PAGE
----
My guess is that many of you have and are still attempting something that just won’t work because as hard as you try, you cannot exercise away a bad diet. And, oh how I’ve tried, every which way I could think of.
I’ve had personal training clients show up for a session after doing cardio for 60-minutes. I’ve watched them take a group fitness class after our tough, 50-minute training. Because they love to workout so much? Because they have so much extra time in the day? Once in a while, because they feel on fi-yah and want to really push their boundaries or because they are training for a race. Once in a while.
Confession time. Back in the 80’s, I was an aerobics instructor that loved teaching but I also taught more classes than I really wanted to. (There were a lot of us and probably still are.) Unfortunately, I didn’t put the same effort into my nutrition. I remember one incidence when I was working as a communications coordinator for our local chamber of commerce. We had just finished a day-long workshop at our office and there was a leftover box of donuts in the conference area. I was the last one to leave. I had a good lunch but I’m a (now, under control) sugar addict and emotional eater and at the time I had no tools or knowledge (or awareness) of how to control it. I walked by the box about 10 times, pulling pieces off various donuts with each passing. Eventually, I ate three glazed donuts in a row. Three. Glazed. Doughnuts. I then ran off to teach my high-low class at the YMCA and stayed an hour longer on the treadmill to “exercise away a bad diet.” What a way to live.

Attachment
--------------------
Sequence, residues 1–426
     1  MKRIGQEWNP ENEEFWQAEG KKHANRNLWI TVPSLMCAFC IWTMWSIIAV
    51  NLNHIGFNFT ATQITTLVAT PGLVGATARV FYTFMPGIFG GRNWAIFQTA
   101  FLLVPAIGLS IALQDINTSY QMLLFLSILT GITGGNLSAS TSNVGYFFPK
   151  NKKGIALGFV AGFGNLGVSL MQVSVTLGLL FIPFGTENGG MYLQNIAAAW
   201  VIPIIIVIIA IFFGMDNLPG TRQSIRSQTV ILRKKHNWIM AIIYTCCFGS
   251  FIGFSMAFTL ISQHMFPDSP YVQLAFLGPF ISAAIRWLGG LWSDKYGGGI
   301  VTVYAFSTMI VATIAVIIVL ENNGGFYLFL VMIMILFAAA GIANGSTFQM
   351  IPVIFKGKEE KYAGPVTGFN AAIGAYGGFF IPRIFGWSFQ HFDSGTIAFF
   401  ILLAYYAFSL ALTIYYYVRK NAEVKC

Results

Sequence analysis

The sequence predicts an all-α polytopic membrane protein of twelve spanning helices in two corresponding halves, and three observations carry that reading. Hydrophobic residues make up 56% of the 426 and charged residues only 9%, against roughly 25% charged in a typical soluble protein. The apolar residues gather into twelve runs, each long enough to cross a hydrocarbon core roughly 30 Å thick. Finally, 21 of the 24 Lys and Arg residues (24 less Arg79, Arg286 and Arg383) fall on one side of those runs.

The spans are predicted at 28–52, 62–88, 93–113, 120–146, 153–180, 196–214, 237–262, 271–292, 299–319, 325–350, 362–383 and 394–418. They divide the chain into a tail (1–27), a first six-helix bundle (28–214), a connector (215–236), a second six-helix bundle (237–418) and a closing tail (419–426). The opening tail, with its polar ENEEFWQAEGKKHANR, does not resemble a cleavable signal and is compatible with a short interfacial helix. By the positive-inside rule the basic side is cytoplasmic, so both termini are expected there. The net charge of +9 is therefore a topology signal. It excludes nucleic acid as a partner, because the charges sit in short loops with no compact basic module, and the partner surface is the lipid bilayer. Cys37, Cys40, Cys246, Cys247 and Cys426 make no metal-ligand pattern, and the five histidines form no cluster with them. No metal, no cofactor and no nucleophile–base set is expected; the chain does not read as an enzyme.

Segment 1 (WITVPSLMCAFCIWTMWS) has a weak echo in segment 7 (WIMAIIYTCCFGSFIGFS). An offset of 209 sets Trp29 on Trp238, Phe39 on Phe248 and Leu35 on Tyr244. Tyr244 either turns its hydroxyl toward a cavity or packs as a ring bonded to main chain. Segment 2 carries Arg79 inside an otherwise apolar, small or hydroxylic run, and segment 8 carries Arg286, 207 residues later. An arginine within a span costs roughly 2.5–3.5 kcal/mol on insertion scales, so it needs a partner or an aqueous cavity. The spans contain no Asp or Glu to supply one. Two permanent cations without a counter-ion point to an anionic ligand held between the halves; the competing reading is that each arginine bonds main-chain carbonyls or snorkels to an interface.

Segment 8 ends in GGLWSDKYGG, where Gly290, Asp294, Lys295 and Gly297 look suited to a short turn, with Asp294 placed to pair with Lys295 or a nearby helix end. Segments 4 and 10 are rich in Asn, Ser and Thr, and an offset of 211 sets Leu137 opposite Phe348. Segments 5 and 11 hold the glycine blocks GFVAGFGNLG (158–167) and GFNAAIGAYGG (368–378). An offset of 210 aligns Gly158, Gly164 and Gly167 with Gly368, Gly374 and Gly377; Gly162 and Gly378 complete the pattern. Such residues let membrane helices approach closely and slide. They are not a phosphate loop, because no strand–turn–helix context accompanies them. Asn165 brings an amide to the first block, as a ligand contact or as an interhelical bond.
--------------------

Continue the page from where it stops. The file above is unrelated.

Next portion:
How many of you have tried to lose weight by starting a workout routine and then adding to the time, days, intensity or all of the above because you still can’t drop enough pounds or cut body fat? Complete frustration, often leading to more exercise and usually super low calorie days (complete disaster). I could address all of these separately but today is about approaching your workouts from the right perspective.
Exercise for the right reasons – beyond weight loss and maintenance. Easier said than done? Not really. Stay with me and for many of you, you’re already there – and, congratulations! Move your body as a gift to yourself and for those you care about. Exercise to release endorphins. Exercise to release stress. Exercise to feel alive, energized and empowered; strong, fast, limber, connected, whatever. Exercise in a way that works for your body (and mind). Exercise to correct imbalances or flaws. Exercise to compete at your highest level. Exercise to test and push yourself past physical and mental boundaries. Exercise to have fun and be social. Increase intensity or duration when your body tells you it’s right – when you’re in the zone and feel unstoppable and yes, when you have excess calories to burn off from a decadent weekend or for a specific goal. And, of course, exercise to help you lose weight and maintain but exercise is not a punishment for what you have eaten. We are the privileged – those of us who get to move and choose how we do it. I especially appreciate this in my 50’s since I battle disc issues and chondromalacia. Perhaps just changing your perspective on exercise will motivate you to get at it or stay with it.
As far as weight loss, dial in your nutrition. Stop making excuses and learn how to manage your weight with what you put in your mouth so you can look forward to your workouts and keep them in balance for the rest of your life. I lost 8.2 pounds during our 21 day detox. My husband lost 23. The only exercise we did was light walking. That’s what proper nutrition does for you. Killing yourself in the gym will not yield the same results if you’re eating crap all the time, and like I mentioned earlier, I speak from experience. And, for Pete’s Sake, throw away any leftover boxes of doughnuts before you get overtaken by the sugar demons.
Just curious, have you done a marathon workout session after eating or drinking too much or gone excessive in the gym because your weight won’t budge? Did I move or inspire you to restructure your diet and exercise rationale? Hope so.